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When Smart People Do Dumb Things

April 6, 2011

When Smart People Do Dumb Things

In Arizona, where I live, we have new controversy that could have a significant economic impact on the state. It revolves around the former leadership of the Fiesta Bowl. Incredible amounts of corruption, self-dealing, fiscal mismanagement, and sleazy entertainment practices have been uncovered, including illegal gifts to prominent politicians in the state. The ripple effects are wide and deep, including the firing of the Fiesta Bowl’s CEO and other top executives. Several well-known state legislative leaders have rushed to write checks to pay for the perks they gladly accepted over the years. The Fiesta Bowl board of directors, which includes a “who’s who” of local business and political leaders, has been severely criticized for lax oversight, abdicating their fiduicary responsibilities, and not insisting on thorough financial audits. One is quoted as saying it was a “helluva party” and that “everyone had a good time.” Now reality has struck.

Leaders of the Bowl Championship Series, of which the Fiesta Bowl is a member, threatened punitive action, even possibly terminating the relationship. However they backed down after it was revealed that some members of the BCS leadership team engaged in similar practices.

These are just two examples of smart people, who earn a lot of money, getting caught with their hands in the cookie jar and illegally trying to buy influence. It seems every week there is a new headline about someone somewhere doing something similar. Why do they do it? Why do they breach their integrity and take such risks? And the risks are not just to their own integrity and careers, but to local economies and communities that are hurt in the process. Do they feel above everyone else? Do they feel invulnerable? Are they driven by greed and power and willing to compromise their principles or standards? Or have they long ago, and perhaps over time, compromised their values? Did they do it because they thought they could get away with it . . . and that made it okay?

This pattern of smart and successful people acting unethically and selfishly at the expense of others continually repeats itself. Remember Enron? The huge corruption issues surfaced in 2002 but had been going on for many years. Enron’s 1998 Annual Report trumpeted the following values, which were to guide how they conducted their business:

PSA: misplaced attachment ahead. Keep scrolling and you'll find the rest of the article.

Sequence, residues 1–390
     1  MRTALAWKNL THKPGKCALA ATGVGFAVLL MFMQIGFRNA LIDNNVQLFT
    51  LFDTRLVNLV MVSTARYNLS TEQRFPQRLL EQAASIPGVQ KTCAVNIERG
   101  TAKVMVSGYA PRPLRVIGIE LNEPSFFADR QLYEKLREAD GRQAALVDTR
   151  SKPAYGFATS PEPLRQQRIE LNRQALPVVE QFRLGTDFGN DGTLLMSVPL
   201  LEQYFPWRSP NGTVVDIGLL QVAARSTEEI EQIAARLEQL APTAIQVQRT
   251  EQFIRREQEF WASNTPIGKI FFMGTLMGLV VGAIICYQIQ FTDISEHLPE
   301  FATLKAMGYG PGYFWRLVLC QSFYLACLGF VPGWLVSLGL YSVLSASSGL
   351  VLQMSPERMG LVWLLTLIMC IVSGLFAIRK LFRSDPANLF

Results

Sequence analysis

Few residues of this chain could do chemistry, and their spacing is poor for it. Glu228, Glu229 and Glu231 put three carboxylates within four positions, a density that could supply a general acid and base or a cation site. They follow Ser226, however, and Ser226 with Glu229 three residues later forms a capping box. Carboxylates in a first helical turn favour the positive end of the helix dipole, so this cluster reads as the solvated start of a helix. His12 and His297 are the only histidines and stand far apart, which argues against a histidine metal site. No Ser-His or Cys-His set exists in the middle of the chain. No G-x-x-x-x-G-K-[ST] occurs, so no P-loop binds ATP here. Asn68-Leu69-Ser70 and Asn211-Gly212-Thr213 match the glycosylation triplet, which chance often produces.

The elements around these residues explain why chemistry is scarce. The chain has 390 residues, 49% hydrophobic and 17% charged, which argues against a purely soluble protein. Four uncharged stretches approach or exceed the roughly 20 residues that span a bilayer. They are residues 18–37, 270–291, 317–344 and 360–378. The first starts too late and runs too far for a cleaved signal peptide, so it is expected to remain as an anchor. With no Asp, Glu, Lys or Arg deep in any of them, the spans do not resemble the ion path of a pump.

RESPECT: We treat others as we would like to be treated ourselves.  We do not tolerate abusive or disrespectful treatment. Ruthlessness, callousness, and arrogance don’t belong here.

INTEGRITY: We work with customers and prospects openly, honestly and sincerely. When we say we will do something, we will do it; when we say we cannot or will not do something, we won’t do it.

COMMUNICATION: We have an obligation to communicate. Here, we take the time to talk with one another…and to listen. We believe that information is meant to move and that information moves people.

EXCELLENCE: We are satisfied with nothing less than the very best in everything we do. We will continue to raise the bar for everyone. The great fun here will be for all of us to discover just how good we can really be.

These values are similar to those of many companies and nonprofits. However if they are not lived every day and factored into decision making, they are just words on paper. They are just window dressing, especially when top management does not model them or feel they apply to their exalted status.  This is when otherwise smart people who present themselves as exemplary citizens, businesspersons, or public servants fall from grace. And we look at them with incredulity and ask, “How could they have been so foolish?”

There is a lesson in this for all of us. When we think we might be above it all or won’t get caught, we especially need to re-connect with our core values and truly live them. Our integrity depends on it. The values we teach our children should be the ones we demonstrate in our own lives  as well.

J.C. Watts, who represented Oklahoma in Congress for four terms said, “Character is doing the right thing when nobody’s looking.  There are too many people who think that the only thing that’s right is to get by, and the only thing that’s wrong is to get caught.”

The smartest thing is to do the right thing.

Steve Weitzenkorn

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